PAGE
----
(NOTE: This is part of the sixth chapter in a multi-part series on how the Big Ten Conference divided into two football divisions)
IOWA CITY — The new-look Big Ten put Iowa and Nebraska on the fast track toward rivalry status.
When the league unveiled its 2011 schedule last September, newcomer Nebraska was slated to finish the regular season against Iowa, its only border competitor. Athletic directors at both schools petitioned the Big Ten to move the game to the Friday after Thanksgiving, and that desire was granted for 2011 and 2012.
Nebraska previously played rival Oklahoma and later Colorado on the Friday after Thanksgiving. Nebraska Athletic Director Tom Osborne hopes the Iowa-Nebraska game continues that tradition.
“It now gives us a nationally televised game on a day when there are few or any other games,” Osborne said. “So I hope that it would work out that we continue to play that game on that date.”
The schedule calls for Saturday games in 2013 and 2014, but those dates can be changed pending mutual agreement. Iowa Athletic Director Gary Barta wants to see how the fans respond to the move before permanently committing to a Friday date. Nevertheless, he’s excited about Iowa ending its season against Nebraska for the next four years.
“I was thrilled with the fact that we were going to be playing Nebraska on that last weekend,” Barta said. “Later on when we made the move to Friday, it’s new for us — it’s new for our fans — so we’ll have to get used to that. But I like the fact that we’ll be on national television on ABC and around that Thanksgiving weekend. It will be a showcase opportunity for both universities.”
Nebraska will host Iowa on Nov. 25, 2011. The Hawkeyes host Nebraska on Nov. 23, 2012. The schools compete in the Legends Division and there’s a chance the game’s outcome could determine the division title.
“Based on the connection between the two states, based on the fact that I can already feel excitement surrounding the game and based on past history with the game and very passionate fan bases on both sides, I think it has potential to be a great rivalry,” Barta said.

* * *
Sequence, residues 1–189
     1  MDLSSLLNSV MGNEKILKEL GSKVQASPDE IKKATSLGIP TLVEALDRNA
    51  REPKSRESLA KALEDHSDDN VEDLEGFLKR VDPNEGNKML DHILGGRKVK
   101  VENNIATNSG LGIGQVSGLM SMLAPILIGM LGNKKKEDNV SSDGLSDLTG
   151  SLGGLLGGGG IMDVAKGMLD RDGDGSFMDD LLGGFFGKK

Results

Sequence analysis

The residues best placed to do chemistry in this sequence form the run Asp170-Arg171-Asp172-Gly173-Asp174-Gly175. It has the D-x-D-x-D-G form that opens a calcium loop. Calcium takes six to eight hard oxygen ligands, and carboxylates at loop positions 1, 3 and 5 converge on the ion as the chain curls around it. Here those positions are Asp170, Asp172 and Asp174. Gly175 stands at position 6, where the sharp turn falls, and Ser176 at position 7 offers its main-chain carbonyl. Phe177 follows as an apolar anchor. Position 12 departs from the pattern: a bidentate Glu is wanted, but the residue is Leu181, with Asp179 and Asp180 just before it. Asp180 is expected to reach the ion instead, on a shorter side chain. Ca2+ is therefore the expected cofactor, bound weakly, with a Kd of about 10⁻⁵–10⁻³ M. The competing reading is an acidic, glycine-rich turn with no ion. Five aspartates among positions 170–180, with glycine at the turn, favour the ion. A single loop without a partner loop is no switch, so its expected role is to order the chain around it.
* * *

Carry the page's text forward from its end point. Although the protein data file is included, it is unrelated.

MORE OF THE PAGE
The game has Big Ten officials excited as well.
“We’re looking forward to it,” said Mark Rudner, the Big Ten’s senior associate commissioner for television adminitration. “I can’t imagine that Iowa-Nebraska game on the Friday after Thanksgiving. That’s huge.”
There’s the potential for Nebraska to play some of its former Big 12 competitors in future non-conference games. In fact, Osborne welcomes it — once the emotion subsides.
“I think initially there’s maybe a little bit feeling on the part of some athletic directors that, ‘They left us, we don’t want to schedule them,’” Osborne said. “I think there’s a number of athletic directors that would appreciate the chance to play. Of course with Iowa State or Kansas or Kansas State, we’re talking about a bus ride. So that proximity is attractive. It does cut down travel time, and we’re not just talking football; we’re talking all sports. I think we are going to play a basketball game or two this year against some Big 12 schools. I’m sure we’ll play probably end up playing baseball or other sports as well.”
Nebraska hopes to reignite a two-year series with rival Oklahoma in 2020 and 2021. It would serve in conjunction with the 50th anniversary of the 1971 epic clash many christen as “Game of the Century.” The Big Ten proposal for a ninth league game could stall hopes for that series.
“What I’ve told (Athletic Director) Joe Castiglione down at Oklahoma, we’ve got to figure what’s the schedule going to be,” Osborne said. “If it’s going to be eight games, we probably won’t have any problem. If it’s a nine-game year, and it’s a year where we only have four home games, then we schedule an away game at Oklahoma, we’ve got a problem. We may be short of 7 home games, which I think most everybody in the Big Ten wants to have at least seven home games.”
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